• you can’t handle his potions, they’re too strong for you
  • his potions would kill you traveler you can not handle them
  • why should he respect knights when his potions can do anything they can

I mean alright if you don’t like Potion Seller I get it, they’re not for everyone, and hell even I’ll admit that his strongest potions would kill a dragon, let alone a man, but nothing is stopping you from just going elsewhere for your potions, and finding a seller who sells weaker potions.

Filed under lol irl potion seller lol your fave is problematic

256 notes &

Why I’m not a “gamer”


I decided to sit out for most of the last month or so of games internet misogyny shit, opting instead of signal boost the good people willing to jump into the fray themselves. There is one thing I wanted to write a short note about, though — the identity of “gamer” and why I haven’t used it myself in years (and edited it out of Game Developer Magazine/Gamasutra work whenever possible).

The Internet Hate Machine believes that over the last few years video games have been infiltrated by The Feminist Cabal, which has taken control of the game industry and seen fit to divert it from serving the capital-G “Gamer”. This is true, but not in the way they think.

For starters: “Gamer” is a manufactured identity. Look at the history of the word, where it came from (early games magazines, which were basically extensions of the fledgling video game marketing machine), and contrast it to words used to describe other media enthusiasts (“bookworm”, “cinephile”, etc.). “Gamer” at its core, is associated with brands (consoles, high-end accessory/PC part manufacturers, sodas, energy drinks, snacks, etc.) in a way that the other words are not.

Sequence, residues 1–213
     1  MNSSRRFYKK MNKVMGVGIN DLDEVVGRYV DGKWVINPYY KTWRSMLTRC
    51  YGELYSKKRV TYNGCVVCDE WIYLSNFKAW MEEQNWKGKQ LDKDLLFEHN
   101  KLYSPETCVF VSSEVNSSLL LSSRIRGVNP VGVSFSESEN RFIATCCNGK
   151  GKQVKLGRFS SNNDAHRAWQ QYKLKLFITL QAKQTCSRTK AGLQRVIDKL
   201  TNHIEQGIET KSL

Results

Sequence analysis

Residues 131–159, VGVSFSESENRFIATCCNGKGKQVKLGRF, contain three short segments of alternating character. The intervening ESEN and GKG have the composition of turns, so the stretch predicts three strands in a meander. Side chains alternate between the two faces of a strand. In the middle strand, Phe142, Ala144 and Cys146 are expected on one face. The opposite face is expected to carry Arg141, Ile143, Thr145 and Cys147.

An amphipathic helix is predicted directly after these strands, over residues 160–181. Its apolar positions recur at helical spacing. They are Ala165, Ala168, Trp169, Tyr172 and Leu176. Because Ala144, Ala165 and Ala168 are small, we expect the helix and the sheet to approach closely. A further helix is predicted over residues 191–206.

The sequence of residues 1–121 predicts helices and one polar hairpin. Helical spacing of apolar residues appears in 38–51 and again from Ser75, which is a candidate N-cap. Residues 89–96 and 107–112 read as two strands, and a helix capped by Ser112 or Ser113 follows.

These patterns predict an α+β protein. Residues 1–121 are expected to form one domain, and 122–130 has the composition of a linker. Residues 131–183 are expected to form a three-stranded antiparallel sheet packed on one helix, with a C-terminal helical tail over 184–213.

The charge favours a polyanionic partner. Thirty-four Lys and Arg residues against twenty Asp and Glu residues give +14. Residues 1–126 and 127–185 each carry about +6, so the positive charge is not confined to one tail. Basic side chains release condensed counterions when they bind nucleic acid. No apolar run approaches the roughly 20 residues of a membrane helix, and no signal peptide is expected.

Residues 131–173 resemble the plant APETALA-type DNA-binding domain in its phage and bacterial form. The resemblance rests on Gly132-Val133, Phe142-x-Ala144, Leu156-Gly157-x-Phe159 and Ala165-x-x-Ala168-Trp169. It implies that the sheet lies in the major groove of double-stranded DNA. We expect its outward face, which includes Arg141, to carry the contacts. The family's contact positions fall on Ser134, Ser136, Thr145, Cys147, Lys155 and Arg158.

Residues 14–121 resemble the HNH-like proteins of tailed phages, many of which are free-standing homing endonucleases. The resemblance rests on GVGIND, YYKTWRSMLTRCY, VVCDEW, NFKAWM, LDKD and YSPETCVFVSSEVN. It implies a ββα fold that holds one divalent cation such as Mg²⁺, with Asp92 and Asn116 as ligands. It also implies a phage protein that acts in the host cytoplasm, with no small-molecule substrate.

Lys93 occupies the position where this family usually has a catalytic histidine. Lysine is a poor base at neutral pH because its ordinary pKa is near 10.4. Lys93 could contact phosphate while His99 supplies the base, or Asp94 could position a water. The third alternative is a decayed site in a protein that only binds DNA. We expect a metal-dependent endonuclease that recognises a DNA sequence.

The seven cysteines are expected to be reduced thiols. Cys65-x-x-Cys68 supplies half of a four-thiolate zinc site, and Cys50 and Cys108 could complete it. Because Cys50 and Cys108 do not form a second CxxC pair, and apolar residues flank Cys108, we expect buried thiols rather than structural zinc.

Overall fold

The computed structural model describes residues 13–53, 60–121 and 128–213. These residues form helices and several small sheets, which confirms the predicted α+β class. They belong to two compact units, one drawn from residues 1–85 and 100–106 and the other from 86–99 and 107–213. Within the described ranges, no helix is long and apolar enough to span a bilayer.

I hear you say: “But Patrick, that’s not what I mean when I say ‘Gamer’!”

Tough shit. Words exist and have meaning outside your intended communication, and you don’t own the word “Gamer”. What’s worse, you never did. I realize that if you’re reading this, there’s a high chance that this is kind of a scary thought, so: Imagine if you started calling large green fruits with black seeds and red delicious fleshy insides “bananas”. People would look at you funny and ask why you don’t know what a watermelon is. So too with the G-Word.

Now, when people describe themselves as “Gamers”, they’re typically doing so to bring up an identity defined by shared practice and priorities: staying up all night playing games, by yourself or with your buddies; engaging in fevered debate over who would win X fight or which dashing young thing is the cutest; willfully staying in on a free night to drown yourself in a virtual world instead of hitting the bars. Being a “Gamer” in the way people want the word to mean, means valuing games and play far more than you value “normal” recreational activities (sports, live music, dancing, movies, whatever).

I’m willing to bet you that every single “fake gamer girl”, every single games feminist, every single outspoken games journalist that the Internet Hate Machine accuses of having infiltrated the ranks of the game industry shares plenty in common with the “Gamer” described above. You cannot work in the game industry without loving games, because that love is what gets you through the shitty paychecks and the limited opportunity and the poor professional growth and the constant lurking threat of the Internet Hate Machine. I spent the final night of GDC this year with Leigh Alexander, Christine Love, Aevee Bee, Kris Graft, and the rest of the assorted Gamasutra family mashing up ’90s pop with the Tekken Tag Tournament intro cinematic on YouTube Doubler on one TV and playing through obscure SNES ROMs on the other; doubt anyone’s nerd cred at your own peril.

The thing is that loving video games doesn’t preclude you from also becoming a feminist. Learning how to dissect video games to understand what they teach us (accidentally or intentionally) about race, about gender, about class, etc. — this enriches video games. Had I never cultivated the critical part of my brain, I’d never be able to create anything worth a damn myself. If anything, intersectional feminism kept me in video games because it trained me to see the immense potential to produce profoundly transformative experiences. So we didn’t really “infiltrate” games, we just learned more about life and politics while continuing to engage with games.